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66

In Marketo, the app auto-saves everything. We have very few "Save" actions. However, interesting side-effect. In the email editor, some users were so panicked that there was no "Save and close" button, that we added one. It's already saved so the button only closes the window, but it made the complaints go away. We have generous feedback saying the ...


48

On clicking the save button in almost any application for the first time, you are asked where to save the file. If your application does not do this, it would be understandable that people are unsure as to whether it has worked or not. My advice would be to grey out the icon and replace the icon with a spinner while the save operation is taking place. Even ...


42

Although the technical objections are largely obsolete, I think there is still a UX-based objection to auto-save. Other answers have alluded to the relationship between versioning and auto-save. @sova talks about them as alternatives, but I believe they are essential complements. Without versioning (or at least persistent, traditional undo), auto-save has ...


39

It's partly historical - when saving meant sending data back to the server it was an expensive operation, and when it meant overwriting what you already had without the chance to roll back it needed to be under the user's control. However, now with either data saved locally or with high bandwidth connections there isn't the overhead in saving. Version ...


25

I have two problems with auto-saving. First, inadvertent editing (mistakes): If a user brings up a document for viewing and makes a mistake, the auto-save would overwrite the good copy with the invalid data, and require the user to take additional actions to undo the mistake. We have a data entry system that was designed with auto-save, and I can't ...


25

As you've stated, it's important that the user is provided with feedback about the success / failure of the save operation. One way that some business applications achieve this is by disabling the save button when the most recent version of a file has been safely saved to disk. User clicks save. File is saved. Button is dimmed / non-clickable -> this ...


21

To "star" something is a very abstract concept hardly familiar outside Gmail. While people save things for later all the time, they hardly ever "star" something. While the star as an icon is fine, it doesn't translate well to a verb or action. Marking things for later reference is commonly offered through either "bookmarks" or "favorites". Here, favorite is ...


18

Google does this quite a bit actually. They have auto-save functionality in Google Docs, Gmail, and Blogger. In each case the app automatically saves your content and provides a little note somewhere that says something like, "Your draft was saved at 3:04 PM." But they also have a "Save" button. I liked their approach so much that I copied it almost ...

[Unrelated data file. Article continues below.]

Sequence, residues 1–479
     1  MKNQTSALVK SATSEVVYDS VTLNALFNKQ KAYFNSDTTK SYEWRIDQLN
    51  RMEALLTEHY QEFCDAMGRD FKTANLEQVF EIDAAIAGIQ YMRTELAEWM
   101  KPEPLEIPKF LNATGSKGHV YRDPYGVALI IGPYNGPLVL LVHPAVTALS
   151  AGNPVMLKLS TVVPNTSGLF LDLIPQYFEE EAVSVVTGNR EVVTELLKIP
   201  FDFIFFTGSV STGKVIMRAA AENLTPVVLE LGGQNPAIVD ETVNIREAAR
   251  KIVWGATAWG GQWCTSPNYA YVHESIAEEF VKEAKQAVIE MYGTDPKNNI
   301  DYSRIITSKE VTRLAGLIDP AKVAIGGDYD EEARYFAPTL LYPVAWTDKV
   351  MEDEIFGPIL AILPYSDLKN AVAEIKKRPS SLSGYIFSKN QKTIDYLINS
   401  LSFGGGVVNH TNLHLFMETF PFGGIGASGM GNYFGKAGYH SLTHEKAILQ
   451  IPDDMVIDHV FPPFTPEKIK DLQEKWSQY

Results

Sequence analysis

16

Alan Cooper and friends have a lot to say about always saving, always allowing undo when applicable/possible. If you haven't read it already, you should definitely check out About Face. The first thing to say when considering the best user interaction scenario is that software should always auto-save. Even here on SE my draft is auto saving as I type. ...


16

Why would you want something more contemporary which users don't understand? What are you improving about their experience by doing this? Don't use something different just to be cool or clever. All you would be doing is illustrating that good graphic design is not the same as good UX design.


16

Even though [cancel] would not actually clear or cancel any concrete data, in the user's mind it confirms, that none of the values he changed in the dialog will be saved/applied. The [x] should generally always be there, it works as some sort of "way out" for the user, it gives the option to skip the choice and intuitively get out of the situation (for ...


15

I think the word "Save" is in the same category as the floppy disk icon itself. I don't think your analogy of comparing "Save" to "Post your Question/Answer" here on Stack Exchange is valid, "Post" means "Publish to the website", whereas "Save" would mean "keep a copy until I'm read to publish". In fact this is probably the meaning most people have in mind ...


15

Depends on how you are approaching the concept. I can call it a WATCHLIST. What exactly do you want the user to do. Create a list of jobs so that they can visit again and check them. Yes it works same as a favorite but the term doesn't suits the purpose of job searching. A person cannot have a favorite job post. I will rather have 2 options for the user. ...


14

If the button is merely disabled, users will Think the application is broken, Not immediately realize which fields are unfilled and Not realize the fields are unfilled until the very end, which is annoying So, I'd suggest telling your colleagues exactly what you told us, which is that allowing them to submit then find errors might be more efficient ...


13

The save button has become the Skinner Box button for a great deal of people thanks to terrible, terrible software that never autosaved people's work for a good 20 years of popular software. I don't like to keep training people to hit that button, but there's nothing more aggravating than finding your app didn't just save what you did. I found Google Doc's ...